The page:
With cotton, that is! (Making it clear right upfront that I’m talking about cotton, in case the Husband reads this.)
A participant, Jez, in a recent Sewinlove Workshop asked why the cottons sold in my Yarn Store have such cute names (such as Cotton Candy Floss, Hello! Cotton etc), and my response is… I really do love my cottons, that’s why. In fact, that’s the main reason why I decided to take the plunge and empty my pockets to import cotton yarns into Singapore. I was sorely disappointed to find the small and expensive range of cottons sold here, with a limited colour and yarn weight range too.
Someone also recently emailed me and asked if cotton is suitable for making garments. And after responding to her, I decided to do a short post extolling some of the virtues of my beloved cotton friend (Idea: Cotton friend, another nice name that can be used for a new cotton range I’m importing, yes?).
Cotton is considered ideal for making garments to wear in our warm and humid tropical climate because it is capable of absorbing more than 20 times it own weight in water AND release it quickly through evaporation. How cool is that. Absorbent, evaporative and cooling.
Of course, there are many different types of cotton, varying in staple length and softness. And some can feel quite hard to the touch and do not seem quite suitable for garment-making.
Cottons, and I find this is applicable to most yarns in fact, which are tightly or densely spun will feel firmer or harder but are also more hardwearing. The loosely twisted ones, like the Cotton Candy Floss, Summer Cotton and Summer Cotton Mini ranges that I carry, are softer and more comfortable precisely because of their lighter spin.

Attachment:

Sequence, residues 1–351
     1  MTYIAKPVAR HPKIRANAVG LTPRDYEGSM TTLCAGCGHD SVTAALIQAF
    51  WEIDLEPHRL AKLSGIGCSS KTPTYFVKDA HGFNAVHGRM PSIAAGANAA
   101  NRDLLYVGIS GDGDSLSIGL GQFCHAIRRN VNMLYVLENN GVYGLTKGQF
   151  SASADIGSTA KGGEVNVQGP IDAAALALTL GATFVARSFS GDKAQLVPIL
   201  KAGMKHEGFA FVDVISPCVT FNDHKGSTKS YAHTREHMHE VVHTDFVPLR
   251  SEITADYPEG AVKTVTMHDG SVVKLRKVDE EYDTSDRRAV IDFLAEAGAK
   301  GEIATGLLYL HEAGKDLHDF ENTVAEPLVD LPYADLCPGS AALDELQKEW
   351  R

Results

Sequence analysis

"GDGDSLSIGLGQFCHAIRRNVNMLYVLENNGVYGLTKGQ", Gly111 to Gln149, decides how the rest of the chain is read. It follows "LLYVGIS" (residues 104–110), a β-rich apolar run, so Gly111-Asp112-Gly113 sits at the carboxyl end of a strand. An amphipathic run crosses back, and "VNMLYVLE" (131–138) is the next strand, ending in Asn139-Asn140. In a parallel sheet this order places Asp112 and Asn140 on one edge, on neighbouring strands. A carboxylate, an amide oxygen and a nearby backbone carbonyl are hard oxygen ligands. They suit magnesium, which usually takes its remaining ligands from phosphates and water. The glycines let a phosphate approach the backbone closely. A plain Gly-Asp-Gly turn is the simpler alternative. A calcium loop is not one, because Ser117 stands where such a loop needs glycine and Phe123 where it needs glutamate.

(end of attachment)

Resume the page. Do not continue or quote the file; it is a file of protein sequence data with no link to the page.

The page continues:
There is always a tradeoff. The downside with looser spun yarns is that they generally pill more quickly but I tend to think that gives a relaxed and handmade look and feel.
Compared to wools and some fuzzy acrylics, I find cottons give really clear and crisp stitch definition and texture, and make crocheted motifs such as my snowflakes, crocheted with Cotton Party, stand out. They are also quite smooth (but not too slippery like silk) and easy to crochet with, making them suitable for beginners to work with.
Cottons also take up dye very well and hence are available in a dizzying array of heart-poundingly lovely colours that I do not have the willpower to resist. Mercerised cotton particularly have a brilliant sheen, are available in a variety of colours because the mercerisation process makes them more receptive to dye (think: mercerised cotton embroidery thread that is available in hundreds of colours, shades and hues) and are perfect for making motifs.
Take note though thicker cottons are be quite heavy and as I told JJ who wanted to make a baby blanket for her to-be-godson, you don’t want baby to be weighed down in bed! So choose a lighter weight and looser spun cotton in these instances.
I hope you enjoy crocheting with cotton as I do. If you also want to learn more about yarns, you will enjoy The Knitter’s Book of Yarn by Clara Parkes from which I have gained my knowledge and deepened my love for my cotton friends.